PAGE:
* Sean Dutson, executive chef, Hartford Marriott Downtown: "If I never cooked another grilled chicken breast or saw another fried calamari, I'd be happy. The reason for both is that everyone does these dishes. The chicken breast is something I always feel people are getting because it is culinary 'safe': They know how it is going to taste, and although it isn't particularly exciting, it is at least something they are familiar with. As for the calamari ... most places have figured out that if they don't screw it up too bad, it will win praises from their customers, so they offer it. I just don't really like doing it because people migrate toward it and forego some of the less common things we offer ... plus the way I prepare it ... it is a mess to clean up.
* Chris Schlesinger, cookbook author and owner of East Coast Grill & Wine Bar in Cambridge, Mass.: "Tuna tartare and edible flowers. They're ubiquitous -- everyone uses them. Tuna tartare is a way for chefs to use the scraps of tuna, but now everyone does the same thing."
* Noel Jones, chef at the Polytechnic Club in Hartford: "Truffle oil is a good example of something overused. Putting it on microgreens? No. Putting it in an egg custard? Yes. Some chefs think if you give people a lot of truffle oil, you will win them over. I say keep it simple."
* Jimmy Burke, chef/owner of Riva Restaurant in Scituate Harbor, Mass.: "We sell a ton of chicken parmesan. We do it well because we're an Italian restaurant. Our customers expect chicken parm on the menu, but I hate having it on the menu."
* Daniel McManamy, chef at Gabrielle's in the Centerbrook section of Essex: "The first thing that comes to mind is butternut squash. It's ubiquitous because it's cheap and plentiful. People like it, and almost everyone has butternut soup or butternut ravioli. I have butternut risotto [on the menu]."
* Kim Canteenwalla, chef for Elizabeth Blau and Associates in Las Vegas, and partner in Simon LA in Los Angeles: "I like them, but I'm bored with short ribs. They're everywhere, on every menu."
* Louis Lista, chef/owner of the Pond House Caf- at Elizabeth Park, West Hartford: "If I never have to be concerned about someone's carb count again, I would not be upset. This is coming from someone who could happily live on pasta, rice, potatoes and bread."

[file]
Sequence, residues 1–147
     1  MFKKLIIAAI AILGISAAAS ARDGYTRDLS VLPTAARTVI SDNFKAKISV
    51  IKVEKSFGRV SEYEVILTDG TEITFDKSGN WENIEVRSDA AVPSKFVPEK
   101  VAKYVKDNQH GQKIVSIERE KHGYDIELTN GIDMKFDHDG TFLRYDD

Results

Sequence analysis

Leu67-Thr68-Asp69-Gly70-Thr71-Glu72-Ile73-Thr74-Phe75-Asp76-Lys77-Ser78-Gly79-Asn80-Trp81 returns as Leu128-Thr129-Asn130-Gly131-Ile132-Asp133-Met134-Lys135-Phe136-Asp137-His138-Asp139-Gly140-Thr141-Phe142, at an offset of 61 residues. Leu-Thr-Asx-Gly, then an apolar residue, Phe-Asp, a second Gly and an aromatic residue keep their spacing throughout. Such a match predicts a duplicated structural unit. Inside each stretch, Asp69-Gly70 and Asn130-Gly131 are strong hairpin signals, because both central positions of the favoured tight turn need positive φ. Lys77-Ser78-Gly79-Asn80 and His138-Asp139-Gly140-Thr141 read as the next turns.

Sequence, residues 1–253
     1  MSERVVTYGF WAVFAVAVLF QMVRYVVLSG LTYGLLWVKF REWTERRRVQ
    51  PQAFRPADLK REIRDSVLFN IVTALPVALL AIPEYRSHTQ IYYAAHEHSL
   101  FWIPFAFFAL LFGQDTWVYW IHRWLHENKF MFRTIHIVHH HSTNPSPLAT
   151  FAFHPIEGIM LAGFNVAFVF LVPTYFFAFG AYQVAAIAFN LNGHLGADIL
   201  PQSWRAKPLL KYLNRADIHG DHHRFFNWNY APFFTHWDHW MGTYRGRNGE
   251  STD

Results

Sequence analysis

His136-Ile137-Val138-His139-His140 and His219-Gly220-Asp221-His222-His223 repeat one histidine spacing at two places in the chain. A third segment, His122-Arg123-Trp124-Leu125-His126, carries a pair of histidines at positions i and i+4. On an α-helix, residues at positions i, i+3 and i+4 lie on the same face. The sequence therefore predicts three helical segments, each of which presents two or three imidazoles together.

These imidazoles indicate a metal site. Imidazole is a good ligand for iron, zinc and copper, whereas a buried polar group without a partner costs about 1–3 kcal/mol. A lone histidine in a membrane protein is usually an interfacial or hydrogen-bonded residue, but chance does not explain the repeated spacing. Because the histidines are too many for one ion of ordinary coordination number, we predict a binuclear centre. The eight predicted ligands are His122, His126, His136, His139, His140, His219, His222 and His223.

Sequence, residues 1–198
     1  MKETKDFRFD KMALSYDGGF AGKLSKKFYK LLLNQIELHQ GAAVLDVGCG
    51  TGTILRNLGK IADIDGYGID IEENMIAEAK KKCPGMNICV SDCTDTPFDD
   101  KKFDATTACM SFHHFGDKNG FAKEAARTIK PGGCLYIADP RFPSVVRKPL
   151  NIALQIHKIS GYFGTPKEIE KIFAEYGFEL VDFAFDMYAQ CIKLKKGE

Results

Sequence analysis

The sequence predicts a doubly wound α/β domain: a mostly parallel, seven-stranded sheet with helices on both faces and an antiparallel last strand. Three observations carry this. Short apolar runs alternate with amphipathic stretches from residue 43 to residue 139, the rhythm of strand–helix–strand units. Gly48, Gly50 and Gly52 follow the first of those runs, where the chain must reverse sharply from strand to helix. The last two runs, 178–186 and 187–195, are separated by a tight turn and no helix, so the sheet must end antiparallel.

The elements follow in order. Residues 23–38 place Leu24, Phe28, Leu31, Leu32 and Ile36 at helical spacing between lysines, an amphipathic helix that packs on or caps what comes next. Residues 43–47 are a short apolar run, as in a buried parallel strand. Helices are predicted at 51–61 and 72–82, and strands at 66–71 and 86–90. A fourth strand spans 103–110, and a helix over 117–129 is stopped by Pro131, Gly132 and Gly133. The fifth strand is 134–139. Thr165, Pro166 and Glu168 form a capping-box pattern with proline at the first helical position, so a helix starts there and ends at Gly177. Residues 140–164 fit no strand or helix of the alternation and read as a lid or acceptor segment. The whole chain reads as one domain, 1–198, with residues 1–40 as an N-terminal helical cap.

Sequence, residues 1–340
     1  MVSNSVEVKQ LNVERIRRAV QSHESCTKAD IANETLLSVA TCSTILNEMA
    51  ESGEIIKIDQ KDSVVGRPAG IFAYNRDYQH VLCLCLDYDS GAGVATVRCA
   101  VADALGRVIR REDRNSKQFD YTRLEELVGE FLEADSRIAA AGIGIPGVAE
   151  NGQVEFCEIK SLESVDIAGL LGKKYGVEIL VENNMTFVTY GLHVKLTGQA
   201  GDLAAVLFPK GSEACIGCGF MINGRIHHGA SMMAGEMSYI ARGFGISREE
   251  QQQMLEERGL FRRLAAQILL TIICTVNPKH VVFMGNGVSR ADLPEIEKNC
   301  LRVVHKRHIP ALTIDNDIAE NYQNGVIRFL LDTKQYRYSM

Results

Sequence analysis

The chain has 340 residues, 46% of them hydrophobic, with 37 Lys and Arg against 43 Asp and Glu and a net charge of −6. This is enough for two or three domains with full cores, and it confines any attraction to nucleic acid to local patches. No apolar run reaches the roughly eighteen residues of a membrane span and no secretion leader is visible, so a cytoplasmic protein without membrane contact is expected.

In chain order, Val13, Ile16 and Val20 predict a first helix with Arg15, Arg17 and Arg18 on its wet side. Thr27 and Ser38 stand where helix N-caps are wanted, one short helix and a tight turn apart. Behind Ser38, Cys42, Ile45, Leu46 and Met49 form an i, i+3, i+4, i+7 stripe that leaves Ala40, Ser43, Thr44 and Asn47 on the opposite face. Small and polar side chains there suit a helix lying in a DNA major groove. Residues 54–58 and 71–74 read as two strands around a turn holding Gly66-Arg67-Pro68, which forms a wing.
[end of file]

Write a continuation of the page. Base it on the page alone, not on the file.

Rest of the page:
* Todd English, cookbook author, television personality and owner of multiple restaurants in Boston and New York as well as Tuscany at Mohegan Sun: "White truffle oil. It makes me gag. I had it on caviar, and I was like, 'Whoa! What's going on here?' It's overused."
* Mary Sue Milliken, cookbook author and owner of Border Grill in Santa Monica, Calif., and Las Vegas, and Ciudad in Los Angeles: "Boneless, skinless chicken breasts. I look at them in the grocery store and think: 'What are people doing with them?' It's the worst kind of chicken you can have. I hate them. Don't get me wrong: I love chicken -- the whole chicken."
* Jennifer Crescella, chef at Shea's American Bar & Grill, Manchester: "Tiramisu. It's everywhere in every shape, size and color. It's bastardized from the Italian version." Garlic mashed potatoes rub her the wrong way, too. "Let's go back to wholesome, good solid cooking. Simplicity is what I like."
* Sara Molton, executive chef of Gourmet magazine and television food personality: "I have mixed feelings about truffle oil. I like it, but it's been overused. It overwhelms whatever you put on it. Yes, I use it, but it's been overdone."
* Rob Maffucci, chef/owner of Vito's by the Park, Hartford: "My two ideas are unrelated: If I never saw another filet mignon well done, or saw another Olive Garden commercial ... A filet is a beautiful piece of meat; if you're a steak lover, it's the best. [But overcooking] takes an incredibly expensive and delicious piece of meat and turns it into a Salisbury steak. If you're going to order tuna or meat well done, you should probably order the chicken." As for the chain restaurant, Olive Garden spends "millions of dollars convincing you that Grandma is in the kitchen. My mother is in the kitchen [at Vito's restaurants]. When you come to Vito's or any chef-owned restaurant, the best compliment you can give to the chef is: Ask the chef to come out, and ask him what his favorite dish to make is. You'll have the best meal."
Copyright (c) 2007, The Hartford Courant, Conn.